With all that dosh saved from the austerity measures, the Ministry of Justice has signed a five year contract with IT services outfit Savvis, once infamously known for its then-execs running up a $241,000 bill in a New York strip club.
Savvis’ contract will cost the MoJ £14 million. It’ll provide access to its “Government Wide Service,” which, according to Savvis, is an infrastructure-as-a-service platform which will support the MoJ’s shared services program. Basically the contract is going to see the implementation of a cloud-based IT operations and services programme, like the Home Office is already.
It’ll use Savvis’ platform for its Enterprise Resource Planning system – the MoJ’s system designed by Steria and put in place by Accenture which will look after financial IT such as payrolls, human resources and purchase, penned in for full operation early 2013.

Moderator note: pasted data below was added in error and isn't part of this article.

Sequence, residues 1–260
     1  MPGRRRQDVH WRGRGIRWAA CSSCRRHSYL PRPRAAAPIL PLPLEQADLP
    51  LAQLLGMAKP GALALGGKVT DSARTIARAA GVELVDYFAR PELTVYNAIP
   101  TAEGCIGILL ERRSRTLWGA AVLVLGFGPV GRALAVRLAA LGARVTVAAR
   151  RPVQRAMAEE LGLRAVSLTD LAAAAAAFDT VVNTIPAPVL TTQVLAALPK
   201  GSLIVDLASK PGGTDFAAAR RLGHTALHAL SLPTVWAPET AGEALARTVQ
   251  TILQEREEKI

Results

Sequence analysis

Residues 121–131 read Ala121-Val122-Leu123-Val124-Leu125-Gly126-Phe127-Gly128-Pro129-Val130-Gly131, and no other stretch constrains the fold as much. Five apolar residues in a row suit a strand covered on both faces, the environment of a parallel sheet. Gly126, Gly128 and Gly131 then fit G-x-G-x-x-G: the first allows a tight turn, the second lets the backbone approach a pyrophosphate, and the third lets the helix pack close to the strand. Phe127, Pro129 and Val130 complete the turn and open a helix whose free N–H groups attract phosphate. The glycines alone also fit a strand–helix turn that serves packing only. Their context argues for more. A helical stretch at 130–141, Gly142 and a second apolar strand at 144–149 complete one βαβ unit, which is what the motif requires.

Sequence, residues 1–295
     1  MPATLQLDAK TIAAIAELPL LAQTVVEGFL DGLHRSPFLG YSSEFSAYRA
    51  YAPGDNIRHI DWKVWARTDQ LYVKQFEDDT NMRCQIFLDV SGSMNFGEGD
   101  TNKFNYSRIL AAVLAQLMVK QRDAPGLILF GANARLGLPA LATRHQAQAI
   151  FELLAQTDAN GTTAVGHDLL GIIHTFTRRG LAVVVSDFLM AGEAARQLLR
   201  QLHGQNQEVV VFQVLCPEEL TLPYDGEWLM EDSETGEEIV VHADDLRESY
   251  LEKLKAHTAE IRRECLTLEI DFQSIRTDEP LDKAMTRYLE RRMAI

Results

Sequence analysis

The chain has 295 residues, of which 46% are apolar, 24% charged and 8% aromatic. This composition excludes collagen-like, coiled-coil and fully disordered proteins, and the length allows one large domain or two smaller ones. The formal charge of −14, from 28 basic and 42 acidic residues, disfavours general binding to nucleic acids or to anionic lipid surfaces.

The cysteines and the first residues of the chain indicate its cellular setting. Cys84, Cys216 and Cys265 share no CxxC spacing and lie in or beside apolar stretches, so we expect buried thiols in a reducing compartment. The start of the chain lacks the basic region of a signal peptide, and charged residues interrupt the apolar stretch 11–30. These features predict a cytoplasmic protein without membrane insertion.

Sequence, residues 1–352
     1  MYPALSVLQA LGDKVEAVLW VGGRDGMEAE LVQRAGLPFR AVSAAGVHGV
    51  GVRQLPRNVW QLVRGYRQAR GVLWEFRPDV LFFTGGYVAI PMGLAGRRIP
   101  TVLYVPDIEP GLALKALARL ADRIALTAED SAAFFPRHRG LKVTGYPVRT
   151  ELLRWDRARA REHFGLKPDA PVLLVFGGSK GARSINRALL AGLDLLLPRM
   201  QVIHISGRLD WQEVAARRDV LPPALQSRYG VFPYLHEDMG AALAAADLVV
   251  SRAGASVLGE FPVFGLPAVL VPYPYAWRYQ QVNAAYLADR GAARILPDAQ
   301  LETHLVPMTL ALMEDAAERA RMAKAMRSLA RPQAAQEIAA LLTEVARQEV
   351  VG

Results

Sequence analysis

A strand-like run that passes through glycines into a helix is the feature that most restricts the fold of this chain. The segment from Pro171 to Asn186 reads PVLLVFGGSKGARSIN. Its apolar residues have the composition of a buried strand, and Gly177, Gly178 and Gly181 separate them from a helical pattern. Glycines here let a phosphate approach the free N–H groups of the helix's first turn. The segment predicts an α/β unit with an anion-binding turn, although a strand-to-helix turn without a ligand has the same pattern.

The idea, says Savvis, is that the clunky MoJ will cast aside upfront capital for new projects as well as cutting down on deployment times. IT departments and suppliers, says Savvis, will benefit because the infrastructure will be in place for use straight away, “rather than the costly procurement, maintenance and management of hardware”.
Free Software Foundation founder Richard Stallman recently slammed the term “cloud computing” as a marketing buzzword aimed to confuse customers.